Adding Up New Orleans’ Cultural Economy

The idea of New Orleans culture is central to the identity and experience of this city, though tallying what makes up that culture and measuring its precise impact on residents’ lives is open to interpretation. City Hall, however, has recently made its own stab at assessing just how much New Orleans culture is worth in dollars and in jobs.

The data comes from an annual report by Mayor Mitch Landrieu’s office called the “New Orleans Cultural Economy Snapshot.” For starters, this year’s report concluded that the city’s “cultural sector” was responsible for some 32,400 jobs, or close to 14 percent of the city’s total workforce. That is 2,000 more jobs than were reported for the sector in 2011 and the analysis notes that this was one of the few industries in the city to see employment growth between ’11 and ’12.

“The cultural economy continues to be a significant economic engine here in the city,” Landrieu said. “Our cultural economy employs a major portion of our workforce, fuels tourism and shapes the day-to-day lives of people who call New Orleans home.”

The mayor said the city “benefits greatly” from the many people working in the cultural sector. But what accounts for all of these jobs, and their estimated $1.1 billion in wages, last year? The city cast a wide net when considering the range of “cultural businesses” to count. These include everything from restaurants and art galleries to graphic design firms, architecture firms and even specialty plasterers carrying on one of the city’s traditional building crafts. Most are small businesses, the city reports, and many are located along neighborhood commercial corridors, such as Magazine Street or Harrison Avenue.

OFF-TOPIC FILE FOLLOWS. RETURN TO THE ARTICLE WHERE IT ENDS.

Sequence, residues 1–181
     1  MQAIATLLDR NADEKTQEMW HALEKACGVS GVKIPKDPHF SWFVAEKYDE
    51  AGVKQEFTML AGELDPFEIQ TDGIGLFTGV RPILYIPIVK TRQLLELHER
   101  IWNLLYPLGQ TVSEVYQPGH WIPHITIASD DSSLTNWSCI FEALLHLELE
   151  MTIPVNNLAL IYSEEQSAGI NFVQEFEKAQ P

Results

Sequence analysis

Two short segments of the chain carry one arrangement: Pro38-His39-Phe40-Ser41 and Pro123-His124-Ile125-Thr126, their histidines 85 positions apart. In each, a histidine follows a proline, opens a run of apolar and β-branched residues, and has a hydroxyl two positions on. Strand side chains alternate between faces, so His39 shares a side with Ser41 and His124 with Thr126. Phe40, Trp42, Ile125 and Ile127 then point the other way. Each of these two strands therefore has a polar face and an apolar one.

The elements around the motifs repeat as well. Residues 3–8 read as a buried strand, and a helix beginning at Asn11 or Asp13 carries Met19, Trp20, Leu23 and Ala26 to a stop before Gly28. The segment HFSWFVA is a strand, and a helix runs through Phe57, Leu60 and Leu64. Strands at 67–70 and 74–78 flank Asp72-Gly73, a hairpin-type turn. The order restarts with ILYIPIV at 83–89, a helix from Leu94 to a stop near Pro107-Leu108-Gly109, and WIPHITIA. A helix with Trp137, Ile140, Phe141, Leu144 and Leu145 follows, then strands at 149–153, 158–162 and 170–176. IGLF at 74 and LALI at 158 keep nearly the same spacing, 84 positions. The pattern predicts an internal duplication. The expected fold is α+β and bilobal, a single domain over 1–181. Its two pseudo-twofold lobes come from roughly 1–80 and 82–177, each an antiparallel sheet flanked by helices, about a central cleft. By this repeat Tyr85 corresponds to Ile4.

Some parts of the sector represent relatively new niches for New Orleans, like film production, which has been burgeoned since the creation of state tax incentives. In 2012, the city saw 61 feature film and TV projects with budgets over $300,000 each, and together they accounted for $670 million in local spending. Other sectors of the cultural economy spring from more familiar New Orleans territory. For instance, the city counted 110 live music venues across town, which hosted 30,000 gigs in ’12.

Scott Hutcheson, the mayor’s adviser on the cultural economy, said in a statement that with the report “we’re able to use sound data to show the incredible value of our cultural economy.”

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